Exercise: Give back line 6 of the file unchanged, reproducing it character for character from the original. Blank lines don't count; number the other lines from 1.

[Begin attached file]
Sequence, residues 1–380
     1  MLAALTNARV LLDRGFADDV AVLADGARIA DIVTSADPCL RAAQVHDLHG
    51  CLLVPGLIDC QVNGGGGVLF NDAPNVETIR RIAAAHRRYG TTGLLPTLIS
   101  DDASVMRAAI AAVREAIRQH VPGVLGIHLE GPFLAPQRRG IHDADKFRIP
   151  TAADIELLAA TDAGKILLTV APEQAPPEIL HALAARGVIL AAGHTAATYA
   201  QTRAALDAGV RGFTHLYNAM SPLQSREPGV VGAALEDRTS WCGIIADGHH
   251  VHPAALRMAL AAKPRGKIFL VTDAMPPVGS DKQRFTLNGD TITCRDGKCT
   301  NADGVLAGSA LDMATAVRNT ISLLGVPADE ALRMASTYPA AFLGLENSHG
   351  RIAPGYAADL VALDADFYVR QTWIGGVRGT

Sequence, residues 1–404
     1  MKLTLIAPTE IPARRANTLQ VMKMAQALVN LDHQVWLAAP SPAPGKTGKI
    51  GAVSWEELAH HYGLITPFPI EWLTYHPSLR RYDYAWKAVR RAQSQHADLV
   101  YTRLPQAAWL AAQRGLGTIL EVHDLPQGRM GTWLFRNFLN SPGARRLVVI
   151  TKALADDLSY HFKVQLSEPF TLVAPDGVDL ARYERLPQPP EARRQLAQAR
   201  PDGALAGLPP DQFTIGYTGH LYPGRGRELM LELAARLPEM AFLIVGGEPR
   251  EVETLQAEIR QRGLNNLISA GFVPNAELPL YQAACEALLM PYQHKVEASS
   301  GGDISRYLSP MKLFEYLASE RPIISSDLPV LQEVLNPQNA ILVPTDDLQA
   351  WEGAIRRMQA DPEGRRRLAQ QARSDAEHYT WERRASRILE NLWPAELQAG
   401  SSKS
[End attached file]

   201  QTRAALDAGV RGFTHLYNAM SPLQSREPGV VGAALEDRTS WCGIIADGHH